It was another beautiful weekend in the garden complete with a hatful of new arrivals.
Spring seemed to return to the garden mid-way through last week, but the temperatures have remained quite low - especially at night. The cold seems to have kept the new growth of many plants in check. The herbs that I planted in a new raised bed do not seem to have grown at all. If they don't get a move on, there is a danger that the slugs will get the better of some of them! The sunny weather has, at least, encouraged more insects to venture out. I saw a large number of droneflies (Eristalis spp.
) this weekend. On a number of occasions I saw pairs of them seemingly grappling in mid-air - I assume they were either male/female pairs engaged in some sort of courtship behaviour or sparring males.
A beautiful but unidentified hoverfly.
I also saw and photographed this beautiful little hoverfly which I had assumed (because of the markings on the abdomen) belonged to the genus Eristalis
. However when I looked closely at the photograph and read the description of Eristalis
given in my field guide to hoverflies
, I realised that it could not have been. All Eristalis
species have a characteristic loop in one of the main wings veins which is clearly absent from the hoverfly in my picture. The hoverfly did not match any of the pictures of the other common British species illustrated in this guide - clearly I need a more comprehensive field guide.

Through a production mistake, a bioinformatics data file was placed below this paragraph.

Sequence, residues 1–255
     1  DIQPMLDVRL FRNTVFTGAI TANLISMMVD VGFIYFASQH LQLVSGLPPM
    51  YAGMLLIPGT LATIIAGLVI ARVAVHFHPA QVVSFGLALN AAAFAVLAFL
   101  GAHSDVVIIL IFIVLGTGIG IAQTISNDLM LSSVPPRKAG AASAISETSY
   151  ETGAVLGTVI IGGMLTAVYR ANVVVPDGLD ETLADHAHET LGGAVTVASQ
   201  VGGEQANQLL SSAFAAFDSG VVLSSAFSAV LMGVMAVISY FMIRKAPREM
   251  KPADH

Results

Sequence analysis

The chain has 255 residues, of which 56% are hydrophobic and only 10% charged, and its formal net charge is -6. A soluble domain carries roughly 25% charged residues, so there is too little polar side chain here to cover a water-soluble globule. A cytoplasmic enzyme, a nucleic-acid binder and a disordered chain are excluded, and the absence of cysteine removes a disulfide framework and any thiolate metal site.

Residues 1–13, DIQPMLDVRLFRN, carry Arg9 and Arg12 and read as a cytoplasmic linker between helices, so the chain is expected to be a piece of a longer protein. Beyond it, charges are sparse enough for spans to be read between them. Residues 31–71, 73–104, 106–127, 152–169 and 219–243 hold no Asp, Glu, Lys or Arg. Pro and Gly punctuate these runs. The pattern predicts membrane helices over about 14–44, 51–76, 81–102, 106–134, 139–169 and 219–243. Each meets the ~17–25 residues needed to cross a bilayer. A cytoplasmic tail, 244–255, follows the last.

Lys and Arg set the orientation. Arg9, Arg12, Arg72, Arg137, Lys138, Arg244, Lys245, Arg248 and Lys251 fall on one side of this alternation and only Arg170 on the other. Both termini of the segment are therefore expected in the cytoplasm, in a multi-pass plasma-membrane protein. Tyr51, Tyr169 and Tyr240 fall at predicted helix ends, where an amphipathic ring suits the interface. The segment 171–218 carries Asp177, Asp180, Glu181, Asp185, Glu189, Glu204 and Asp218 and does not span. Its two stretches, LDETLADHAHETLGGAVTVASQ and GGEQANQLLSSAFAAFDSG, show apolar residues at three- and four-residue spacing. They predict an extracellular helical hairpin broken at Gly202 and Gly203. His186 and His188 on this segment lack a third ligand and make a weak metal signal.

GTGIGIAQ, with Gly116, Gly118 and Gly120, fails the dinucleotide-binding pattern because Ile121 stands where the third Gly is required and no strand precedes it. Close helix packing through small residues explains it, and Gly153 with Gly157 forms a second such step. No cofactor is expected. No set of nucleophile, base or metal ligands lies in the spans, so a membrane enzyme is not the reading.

A red wasp (Vespula rufa) showing its distinctive abdomen markings.
This was an excellent weekend for social wasps. I saw a few common wasp (Vespula vulgaris
) queens, but also, on a couple of occasions, I saw queen red wasps (Vespula rufa
), quickly recognised because of their distinctive abdomen markings. I was really pleased to see these wasps because last year I only ever seemed to see dead red wasps. I wonder if I will continue to see them in the garden throughout the summer.
The blackbirds (Turdus merula
) nesting in the leylandii hedge, are now feeding young and seem to be doing well, despite a close call with our cat, Clarry, when she attempted to reach the nest but apparently got stuck half way up the hedge. A female blackbird from another nest seems to have learnt that she can get an easy meal by standing on a large flat stone in the pond (which I put in there for birds to bathe on) and taking the tadpoles which like to congregate in the warm shallows over the stone. She does it an awful lot - I hope she leaves a few for us to enjoy!
The blue tits (Parus caerulea
) in the nestbox on the birch (Betula sp.
) are now feeding young. Just about every other nestbox around the house - including those I put up for great tits (Parus major
) and house sparrows (Passer domesticus
) - is also being investigated by blue tits.
Another exciting bit of news is that I found a leech (species unknown) in the pond when I was clearing out some of the vegetation - the first I've seen there. Yesterday I saw the first swift (Apus apus
) of the year over the garden.